The ongoing talks in Regional Comprehensive Economic Partnership (RCEP) forum is putting pressure on India to loosen up its FDI policy for ecommerce industry. If these talks materialize, then big ecommerce players like Flipkart, Jabong, and Snapdeal will have to be ready for stringent norms on data security, privacy & protection of personal information and consumer records.
What is RCEP?
The Regional Comprehensive Economic Partnership (RCEP) is a proposed free trade agreement between 10 ASEAN countries, which includes Brunei, Cambodia, Laos, Malaysia, Burma (Myanmar), Philippines, Singapore, Indonesia, Thailand and Vietnam and additional 6 trade partner countries, namely India, Australia, China, Japan, New Zealand and South Korea.
The body covers trade in goods, services, investment, competition & dispute settlement, economic & technical co-operation and intellectual property. The main intention is to design a contemporary trade and investment framework between participating countries, while following ethical business practices, strict norms of open accession, transparency, and best standards.
Japan’s proposal in RCEP to open India’s ecommerce and accept FDI
As per India’s FDI policy, 100 per cent FDI is allowed in B2B sector but not in ecommerce. As the Indian ecommerce industry is booming, many countries are interested to invest. After being encouraged by Prime Minister Narendra Modi’s visit to their country, Japan raised a proposal in RCEP forum in February this year, urging India to relax FDI norms in the e-commerce industry.
This is how the talks started and the need to strengthen data security to meet RCEP norms was felt.
Clarifying India’s stand, a commerce official said, “We have agreed for cooperation in ecommerce as part of the ongoing talks for the RCEP so that all countries can exchange relevant information.”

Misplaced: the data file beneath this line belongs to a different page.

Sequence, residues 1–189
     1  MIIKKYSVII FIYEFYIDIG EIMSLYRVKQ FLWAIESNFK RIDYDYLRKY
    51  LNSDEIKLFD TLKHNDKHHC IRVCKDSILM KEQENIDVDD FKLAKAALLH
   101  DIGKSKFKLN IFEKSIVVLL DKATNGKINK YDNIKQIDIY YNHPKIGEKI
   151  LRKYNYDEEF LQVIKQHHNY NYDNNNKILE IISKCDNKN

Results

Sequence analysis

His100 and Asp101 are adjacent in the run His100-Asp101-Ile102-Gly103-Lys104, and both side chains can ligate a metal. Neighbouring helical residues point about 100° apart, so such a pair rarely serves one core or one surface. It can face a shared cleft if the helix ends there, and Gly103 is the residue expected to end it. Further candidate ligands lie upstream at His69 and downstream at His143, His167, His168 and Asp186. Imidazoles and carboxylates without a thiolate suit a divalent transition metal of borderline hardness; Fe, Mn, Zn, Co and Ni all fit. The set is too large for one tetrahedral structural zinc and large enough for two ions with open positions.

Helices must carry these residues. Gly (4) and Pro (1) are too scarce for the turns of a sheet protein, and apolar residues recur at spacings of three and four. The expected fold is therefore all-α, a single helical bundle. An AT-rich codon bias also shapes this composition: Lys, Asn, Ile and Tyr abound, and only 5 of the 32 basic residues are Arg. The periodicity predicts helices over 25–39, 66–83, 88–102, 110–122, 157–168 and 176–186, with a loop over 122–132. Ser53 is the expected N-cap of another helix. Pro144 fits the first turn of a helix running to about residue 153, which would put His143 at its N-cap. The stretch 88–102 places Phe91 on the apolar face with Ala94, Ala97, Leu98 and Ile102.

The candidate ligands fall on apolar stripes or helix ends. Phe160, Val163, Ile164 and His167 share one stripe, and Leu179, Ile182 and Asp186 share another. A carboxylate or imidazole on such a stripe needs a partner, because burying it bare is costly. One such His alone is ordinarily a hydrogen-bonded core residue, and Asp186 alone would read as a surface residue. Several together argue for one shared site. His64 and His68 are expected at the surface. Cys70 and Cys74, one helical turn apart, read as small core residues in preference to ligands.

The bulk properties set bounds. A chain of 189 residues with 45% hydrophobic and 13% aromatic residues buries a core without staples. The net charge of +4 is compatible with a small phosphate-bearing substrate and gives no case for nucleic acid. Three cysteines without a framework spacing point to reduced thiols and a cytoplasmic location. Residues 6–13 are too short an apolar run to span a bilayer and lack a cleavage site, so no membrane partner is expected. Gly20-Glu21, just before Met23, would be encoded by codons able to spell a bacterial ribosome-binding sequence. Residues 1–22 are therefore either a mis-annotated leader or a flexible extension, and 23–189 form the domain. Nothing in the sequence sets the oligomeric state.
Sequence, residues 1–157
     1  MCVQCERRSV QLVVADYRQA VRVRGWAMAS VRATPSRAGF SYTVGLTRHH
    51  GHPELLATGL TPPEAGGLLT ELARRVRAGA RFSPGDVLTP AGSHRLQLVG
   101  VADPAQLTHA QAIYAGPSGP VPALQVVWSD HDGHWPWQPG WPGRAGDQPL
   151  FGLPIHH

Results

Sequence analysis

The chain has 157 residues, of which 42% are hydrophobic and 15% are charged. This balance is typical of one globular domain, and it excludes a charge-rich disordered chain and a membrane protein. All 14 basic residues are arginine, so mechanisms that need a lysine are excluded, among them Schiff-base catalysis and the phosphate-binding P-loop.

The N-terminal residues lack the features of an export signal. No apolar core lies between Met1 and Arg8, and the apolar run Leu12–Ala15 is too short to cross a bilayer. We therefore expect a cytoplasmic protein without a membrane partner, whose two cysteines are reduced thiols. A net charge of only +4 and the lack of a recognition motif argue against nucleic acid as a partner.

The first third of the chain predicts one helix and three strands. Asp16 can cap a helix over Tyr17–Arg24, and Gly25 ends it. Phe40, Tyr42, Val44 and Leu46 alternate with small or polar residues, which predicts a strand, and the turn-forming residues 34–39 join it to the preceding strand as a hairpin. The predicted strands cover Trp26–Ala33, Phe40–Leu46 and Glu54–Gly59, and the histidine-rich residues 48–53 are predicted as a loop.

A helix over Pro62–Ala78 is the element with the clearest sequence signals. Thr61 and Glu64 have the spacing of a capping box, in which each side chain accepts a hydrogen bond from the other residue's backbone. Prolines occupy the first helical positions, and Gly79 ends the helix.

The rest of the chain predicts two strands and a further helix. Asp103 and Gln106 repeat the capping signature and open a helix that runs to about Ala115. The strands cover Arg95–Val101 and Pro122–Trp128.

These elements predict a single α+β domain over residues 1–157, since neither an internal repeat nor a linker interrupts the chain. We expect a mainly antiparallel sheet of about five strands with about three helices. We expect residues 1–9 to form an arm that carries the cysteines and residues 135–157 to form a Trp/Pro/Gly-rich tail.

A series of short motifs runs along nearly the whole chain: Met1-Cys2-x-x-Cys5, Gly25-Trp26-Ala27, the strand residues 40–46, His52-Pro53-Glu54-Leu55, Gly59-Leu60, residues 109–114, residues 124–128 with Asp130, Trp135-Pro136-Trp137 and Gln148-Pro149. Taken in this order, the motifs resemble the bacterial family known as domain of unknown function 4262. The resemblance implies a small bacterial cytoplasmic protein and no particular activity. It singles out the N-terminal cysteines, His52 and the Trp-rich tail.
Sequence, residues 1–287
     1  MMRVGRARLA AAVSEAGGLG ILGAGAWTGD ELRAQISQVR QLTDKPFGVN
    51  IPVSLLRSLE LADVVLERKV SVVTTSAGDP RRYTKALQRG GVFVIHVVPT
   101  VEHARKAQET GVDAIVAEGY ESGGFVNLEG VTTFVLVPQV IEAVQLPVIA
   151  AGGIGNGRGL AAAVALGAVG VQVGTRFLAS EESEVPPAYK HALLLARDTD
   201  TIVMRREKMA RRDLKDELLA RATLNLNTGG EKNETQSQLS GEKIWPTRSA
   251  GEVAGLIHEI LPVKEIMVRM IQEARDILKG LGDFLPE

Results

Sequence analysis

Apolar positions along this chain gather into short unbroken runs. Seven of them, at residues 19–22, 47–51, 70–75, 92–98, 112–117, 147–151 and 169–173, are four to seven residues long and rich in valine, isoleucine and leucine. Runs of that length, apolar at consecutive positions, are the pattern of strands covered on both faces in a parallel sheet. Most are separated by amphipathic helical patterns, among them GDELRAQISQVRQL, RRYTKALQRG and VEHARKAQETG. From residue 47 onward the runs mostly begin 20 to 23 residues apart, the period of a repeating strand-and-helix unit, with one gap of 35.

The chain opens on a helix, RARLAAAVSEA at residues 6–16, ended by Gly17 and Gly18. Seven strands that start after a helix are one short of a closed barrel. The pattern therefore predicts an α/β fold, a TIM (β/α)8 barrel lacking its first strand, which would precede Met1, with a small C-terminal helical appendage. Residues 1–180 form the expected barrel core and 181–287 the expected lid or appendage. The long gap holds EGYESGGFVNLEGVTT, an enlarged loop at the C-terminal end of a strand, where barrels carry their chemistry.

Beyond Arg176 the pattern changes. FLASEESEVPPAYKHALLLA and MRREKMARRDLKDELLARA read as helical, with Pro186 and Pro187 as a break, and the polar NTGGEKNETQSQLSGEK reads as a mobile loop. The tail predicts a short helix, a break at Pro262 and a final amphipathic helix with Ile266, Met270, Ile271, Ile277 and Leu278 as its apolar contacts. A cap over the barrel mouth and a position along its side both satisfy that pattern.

The need for strict norms and regulations
No FDI and certain regulations in ecommerce restrict existing players to sell directly to consumers. Therefore we see marketplaces like Snapdeal declaring, “We are not an ecommerce company. We are an enabler.” This has given online players a free pass to make their own rules or adopt a lax attitude, due to which many customers and sellers are suffering.
Highlighting the above-mentioned issue, Arvind Singhal, Chairman of Technopak, India’s leading management consulting firm said, “Ecommerce firms do comply with the company laws, consumer laws and banking regulations but there is no way of maintaining users’ transaction data or keeping it confidential.”
He added, “A lot of etailers are getting away by calling themselves as marketplaces or information technology companies. They replace products or take corrective measures only to save their reputation and as a brand-building exercise. So, they have to be covered by a legislation dealing with retail.”
While Flipkart is opposed to the idea of FDI in ecommerce, international players like Amazon and Walmart are rooting for it to happen. What finally happens is in Indian government’s hand. But if this RCEP trade agreement will help to protect buyers and sellers from frauds and destructive business practices, then the move is more than welcome.